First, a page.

Sign language interpreters constantly strive to be better practitioners. Often it is a flash of perspective that gives context to the challenges they face and assists them in moving along their path to actualization. Let’s admit it, being a sign language interpreter can be tough. Sometimes a little sprinkle of perspective can contextualize the challenges we face as
Angela Roth presented Seriously!? Do Sign Language Interpreters Still Need to Talk About Diversity? at StreetLeverage – Live 2014 | Austin. Her presentation addressed the depth of the challenges our profession still faces addressing individual and collective cross-cultural reality, respect and responsibility. You can find the PPT deck for her presentation here. [Note from StreetLeverage: What
Denmark and Finland exemplify contrasting approaches to DIs and HIs. While roadblocks and resistance often hinder DIs in Denmark, having HIs and DIs study together in Finland leads to mutual cooperation. Note: Anna Mindess, an American hearing interpreter wrote this post, incorporating interviews with Didde Nylander, a hearing Danish sign language interpreter and Markus Aro, a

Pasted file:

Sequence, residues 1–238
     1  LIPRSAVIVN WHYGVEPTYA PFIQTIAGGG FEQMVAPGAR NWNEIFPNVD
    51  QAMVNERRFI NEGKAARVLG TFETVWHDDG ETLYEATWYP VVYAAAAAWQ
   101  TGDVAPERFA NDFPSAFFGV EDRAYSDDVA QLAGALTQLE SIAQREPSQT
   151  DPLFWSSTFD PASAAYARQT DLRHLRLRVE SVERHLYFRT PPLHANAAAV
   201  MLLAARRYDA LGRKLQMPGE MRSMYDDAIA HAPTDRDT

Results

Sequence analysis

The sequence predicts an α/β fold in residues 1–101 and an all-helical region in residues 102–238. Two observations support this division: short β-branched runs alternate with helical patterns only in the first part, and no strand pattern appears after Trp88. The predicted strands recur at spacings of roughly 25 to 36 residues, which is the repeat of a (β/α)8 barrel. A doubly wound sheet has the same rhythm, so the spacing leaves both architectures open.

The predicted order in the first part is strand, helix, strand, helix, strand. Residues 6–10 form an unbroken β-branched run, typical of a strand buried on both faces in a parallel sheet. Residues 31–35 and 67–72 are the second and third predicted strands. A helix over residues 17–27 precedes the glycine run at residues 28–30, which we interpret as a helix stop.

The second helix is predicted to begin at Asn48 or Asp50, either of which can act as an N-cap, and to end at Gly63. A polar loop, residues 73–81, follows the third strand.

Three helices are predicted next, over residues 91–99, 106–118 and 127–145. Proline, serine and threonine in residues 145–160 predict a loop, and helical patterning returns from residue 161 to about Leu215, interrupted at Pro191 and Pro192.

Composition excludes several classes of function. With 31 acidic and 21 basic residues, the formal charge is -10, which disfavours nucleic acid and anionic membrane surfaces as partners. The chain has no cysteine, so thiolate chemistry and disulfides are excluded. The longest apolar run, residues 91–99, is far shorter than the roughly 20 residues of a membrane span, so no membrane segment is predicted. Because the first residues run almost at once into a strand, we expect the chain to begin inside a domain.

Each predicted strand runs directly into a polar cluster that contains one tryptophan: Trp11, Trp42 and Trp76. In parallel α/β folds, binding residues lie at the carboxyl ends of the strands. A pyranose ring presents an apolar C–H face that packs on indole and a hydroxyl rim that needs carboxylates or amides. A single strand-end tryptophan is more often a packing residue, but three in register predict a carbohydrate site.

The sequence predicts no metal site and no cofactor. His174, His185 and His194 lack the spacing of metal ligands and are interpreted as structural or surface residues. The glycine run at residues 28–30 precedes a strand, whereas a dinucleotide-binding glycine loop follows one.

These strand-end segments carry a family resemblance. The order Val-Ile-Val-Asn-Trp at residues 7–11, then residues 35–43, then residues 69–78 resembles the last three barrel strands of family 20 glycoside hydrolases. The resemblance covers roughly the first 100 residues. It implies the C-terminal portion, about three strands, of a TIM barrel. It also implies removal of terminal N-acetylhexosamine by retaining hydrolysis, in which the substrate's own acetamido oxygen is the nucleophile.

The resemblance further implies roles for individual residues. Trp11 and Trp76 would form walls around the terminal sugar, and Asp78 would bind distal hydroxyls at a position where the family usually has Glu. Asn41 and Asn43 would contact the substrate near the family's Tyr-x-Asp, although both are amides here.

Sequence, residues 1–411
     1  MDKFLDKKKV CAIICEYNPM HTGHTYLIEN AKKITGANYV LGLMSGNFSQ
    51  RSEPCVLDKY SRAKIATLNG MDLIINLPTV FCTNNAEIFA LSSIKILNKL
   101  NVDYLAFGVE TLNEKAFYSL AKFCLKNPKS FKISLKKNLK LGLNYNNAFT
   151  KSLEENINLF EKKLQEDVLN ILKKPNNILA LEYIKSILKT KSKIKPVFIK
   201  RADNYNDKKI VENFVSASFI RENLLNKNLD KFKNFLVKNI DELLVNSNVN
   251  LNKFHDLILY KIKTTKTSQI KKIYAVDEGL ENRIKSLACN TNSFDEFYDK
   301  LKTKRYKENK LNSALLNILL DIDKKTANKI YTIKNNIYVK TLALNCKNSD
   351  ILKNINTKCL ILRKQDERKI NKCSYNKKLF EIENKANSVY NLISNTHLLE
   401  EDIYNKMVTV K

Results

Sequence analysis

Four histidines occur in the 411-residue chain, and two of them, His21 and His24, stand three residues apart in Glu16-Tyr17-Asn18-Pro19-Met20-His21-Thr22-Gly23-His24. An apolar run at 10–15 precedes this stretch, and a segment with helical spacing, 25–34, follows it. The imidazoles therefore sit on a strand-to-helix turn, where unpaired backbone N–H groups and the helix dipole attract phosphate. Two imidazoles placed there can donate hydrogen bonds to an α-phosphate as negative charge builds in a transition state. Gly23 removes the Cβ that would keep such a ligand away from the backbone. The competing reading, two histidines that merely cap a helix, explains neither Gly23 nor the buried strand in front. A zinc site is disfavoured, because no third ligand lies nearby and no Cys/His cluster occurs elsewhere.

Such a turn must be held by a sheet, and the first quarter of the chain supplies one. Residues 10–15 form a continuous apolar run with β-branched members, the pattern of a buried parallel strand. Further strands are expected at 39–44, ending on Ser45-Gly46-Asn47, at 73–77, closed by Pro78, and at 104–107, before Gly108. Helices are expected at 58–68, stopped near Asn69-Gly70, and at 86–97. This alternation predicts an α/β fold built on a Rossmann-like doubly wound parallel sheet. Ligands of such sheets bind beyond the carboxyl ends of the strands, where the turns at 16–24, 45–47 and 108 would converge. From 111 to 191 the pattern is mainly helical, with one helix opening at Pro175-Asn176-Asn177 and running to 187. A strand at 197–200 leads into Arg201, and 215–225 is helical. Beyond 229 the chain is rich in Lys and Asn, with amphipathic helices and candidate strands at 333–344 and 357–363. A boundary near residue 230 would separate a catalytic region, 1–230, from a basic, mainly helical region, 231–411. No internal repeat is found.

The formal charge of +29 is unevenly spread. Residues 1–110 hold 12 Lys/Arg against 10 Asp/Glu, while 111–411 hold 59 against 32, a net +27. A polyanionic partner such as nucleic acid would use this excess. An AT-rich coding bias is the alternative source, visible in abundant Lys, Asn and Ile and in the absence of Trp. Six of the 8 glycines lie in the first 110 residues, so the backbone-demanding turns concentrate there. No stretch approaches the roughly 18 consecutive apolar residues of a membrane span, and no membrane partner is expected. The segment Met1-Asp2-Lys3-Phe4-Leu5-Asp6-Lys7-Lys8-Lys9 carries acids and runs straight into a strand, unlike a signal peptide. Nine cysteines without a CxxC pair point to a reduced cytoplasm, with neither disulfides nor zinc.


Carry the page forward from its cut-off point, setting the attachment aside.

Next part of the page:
International participation by sign language interpreters presents a valuable opportunity for self-reflection and identity exploration which enhances work and relationships at home and abroad. When I was talking about getting ready to go to two international conferences this past summer, I heard several different reactions from my colleagues- everything from affirmation to indifference to slight
As a way to welcome 2016, we handpicked 10 posts that inspired reflection, demonstrated courageous thinking, or generated spirited conversation. It is our guess that you were moved by some of these 2015 gems as well. If you missed one, take a moment to enjoy the goodness. * Posts not listed in any particular order. 1.
Recommitting to the principles of civility aligns sign language interpreters with the Code of Professional Conduct while fostering positive interactions both online and in person. I have always believed strongly in the school of hard knocks. As a sign language interpreter, I have held the opinion that sensitivity is not a luxury we can afford
As sign language interpreters, we stand at a crossroads. Do we maintain the status quo or act as change agents by investing & engaging, collectively, in the transformation of our profession? People in our field are talking a lot about change. Our attitudes toward the Deaf community and fellow sign language interpreters have to change.
The field of sign language interpreting has the opportunity to leave organizational adolescence behind. By connecting their emotions to the challenging tasks ahead, interpreters can foster growth and move the field to the next level. Historical Context Last summer I was unable to attend RID’s Convention in New Orleans, or even watch the livestreaming. Instead